• Second, regardless of the degree of shareholder continuity, U.S. tax residence would continue to apply if, following the transaction, management and control of the group that includes the former U.S. parent occurs primarily in the United States and the group has significant business activities in the United States. For this purpose, “significant U.S. business activities” would be deemed to exist if at least 25% of any of the group’s (i) employees (by headcount or compensation), (ii) assets or (iii) income were in the United States. This change would be a radical departure from historic U.S. law that generally has looked solely to place of incorporation in determining tax residency.

The bill as introduced in the Senate would allow the changes to expire after two years, a feature intended to spur Congress to enact comprehensive corporate tax reform within that time frame and thereby also address the inversion issue.


Particularly given the climate in the present Congress, it is difficult to predict with any certainty whether or when the proposals described above (or any other possible relevant legislation) might be enacted and, if ultimately enacted, whether they will apply retroactively as proposed. There appears to be a growing consensus among members of both political parties that legislative action is needed to stem the tide of U.S. corporations exiting the U.S. However, at present there is no agreement on whether inversions are best addressed through punitive measures, such as the pending bills, or through fundamental corporate tax reform that presumably would attempt to induce multinationals to remain in the U.S. through enactment of a more benign international tax regime.

The possibility of the current legislation being enacted does not seem to be having a significant chilling effect on public transactions. None of them has featured the delivery of over 50% of the combined corporation’s stock to the shareholders of the non-U.S. merger partner. Therefore, all of the transactions on their face would appear to be taxable under the current proposals, given the retroactive effective date. One could conclude from this that the parties involved may well be of the view that either the legislation will not be passed, or that if it is passed, the current retroactive effective date will not be included. Alternatively, there may be a “nothing ventured, nothing gained” mentality at work here: If the group was U.S. before the transaction, and in the worst case under the proposed legislation will be taxed as U.S. afterward, there may be no compelling reason not to pursue the foreign target through an inversion structure if the acquisition makes good business sense.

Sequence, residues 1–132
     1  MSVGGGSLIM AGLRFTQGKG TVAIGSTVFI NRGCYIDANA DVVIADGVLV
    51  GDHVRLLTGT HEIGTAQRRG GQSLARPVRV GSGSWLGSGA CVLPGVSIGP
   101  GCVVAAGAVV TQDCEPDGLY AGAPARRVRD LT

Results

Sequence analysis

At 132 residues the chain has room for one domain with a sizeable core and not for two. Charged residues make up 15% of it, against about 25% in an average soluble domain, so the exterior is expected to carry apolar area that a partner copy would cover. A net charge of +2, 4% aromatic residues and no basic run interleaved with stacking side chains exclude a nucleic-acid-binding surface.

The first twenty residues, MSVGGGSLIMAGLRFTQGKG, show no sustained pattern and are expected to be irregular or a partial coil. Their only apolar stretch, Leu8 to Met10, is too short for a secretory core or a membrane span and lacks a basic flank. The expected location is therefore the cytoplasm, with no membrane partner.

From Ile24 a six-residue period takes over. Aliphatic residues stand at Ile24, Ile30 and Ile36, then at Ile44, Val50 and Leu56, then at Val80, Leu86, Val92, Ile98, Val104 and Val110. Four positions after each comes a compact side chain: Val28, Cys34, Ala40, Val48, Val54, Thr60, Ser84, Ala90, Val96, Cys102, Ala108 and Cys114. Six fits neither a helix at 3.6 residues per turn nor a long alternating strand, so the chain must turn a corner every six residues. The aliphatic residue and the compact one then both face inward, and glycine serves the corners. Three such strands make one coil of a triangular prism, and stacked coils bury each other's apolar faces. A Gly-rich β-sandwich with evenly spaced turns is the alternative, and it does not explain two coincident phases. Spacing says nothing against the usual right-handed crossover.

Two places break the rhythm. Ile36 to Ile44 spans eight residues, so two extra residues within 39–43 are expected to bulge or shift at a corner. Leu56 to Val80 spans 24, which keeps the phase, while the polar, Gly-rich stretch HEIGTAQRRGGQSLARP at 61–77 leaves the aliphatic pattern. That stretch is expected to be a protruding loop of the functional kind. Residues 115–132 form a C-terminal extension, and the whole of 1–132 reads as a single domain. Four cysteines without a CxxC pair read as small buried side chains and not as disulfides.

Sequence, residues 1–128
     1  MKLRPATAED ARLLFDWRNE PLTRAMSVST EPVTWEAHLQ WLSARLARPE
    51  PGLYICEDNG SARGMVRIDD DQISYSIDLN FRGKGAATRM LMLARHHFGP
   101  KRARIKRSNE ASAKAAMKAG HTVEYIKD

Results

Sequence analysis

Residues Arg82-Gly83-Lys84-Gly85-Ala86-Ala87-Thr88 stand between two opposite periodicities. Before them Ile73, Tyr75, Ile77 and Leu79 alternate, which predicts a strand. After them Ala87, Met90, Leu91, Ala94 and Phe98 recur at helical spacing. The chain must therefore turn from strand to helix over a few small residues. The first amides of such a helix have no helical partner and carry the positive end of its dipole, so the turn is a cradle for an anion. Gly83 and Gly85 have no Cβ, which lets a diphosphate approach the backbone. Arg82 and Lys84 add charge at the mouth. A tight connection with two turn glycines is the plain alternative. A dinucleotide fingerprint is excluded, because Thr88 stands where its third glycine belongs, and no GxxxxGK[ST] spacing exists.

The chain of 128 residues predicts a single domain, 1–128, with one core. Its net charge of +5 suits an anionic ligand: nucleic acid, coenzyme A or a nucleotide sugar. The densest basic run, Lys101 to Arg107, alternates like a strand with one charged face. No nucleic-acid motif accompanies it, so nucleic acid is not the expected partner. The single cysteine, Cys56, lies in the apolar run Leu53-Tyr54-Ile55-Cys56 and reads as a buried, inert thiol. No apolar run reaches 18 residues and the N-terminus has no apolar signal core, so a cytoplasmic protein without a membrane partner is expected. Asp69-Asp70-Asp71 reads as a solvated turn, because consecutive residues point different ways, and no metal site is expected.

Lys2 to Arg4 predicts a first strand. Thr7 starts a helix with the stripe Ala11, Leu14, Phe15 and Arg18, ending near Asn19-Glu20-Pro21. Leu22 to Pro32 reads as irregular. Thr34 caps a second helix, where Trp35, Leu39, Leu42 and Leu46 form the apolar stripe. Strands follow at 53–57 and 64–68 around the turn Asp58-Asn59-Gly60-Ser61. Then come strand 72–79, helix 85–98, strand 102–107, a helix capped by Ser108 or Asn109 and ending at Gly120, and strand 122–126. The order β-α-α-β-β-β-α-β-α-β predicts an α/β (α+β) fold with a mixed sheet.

U.S. multinationals (particularly in the pharmaceutical and, to a lesser extent, technology industries) continue to seek to expatriate from the United States in order to reduce their current tax burden and to be able to access offshore cash more easily. This is despite the current U.S. tax costs incurred at the shareholder level, on the merger itself, and at the corporate level in connection with the usual post-inversion restructuring of subsidiaries and operations. Anecdotal evidence suggests that despite the upfront costs, the companies involved believe that self-help via inversions will ultimately yield more beneficial results (and certainly quicker results) than those that may eventually come with major tax reform.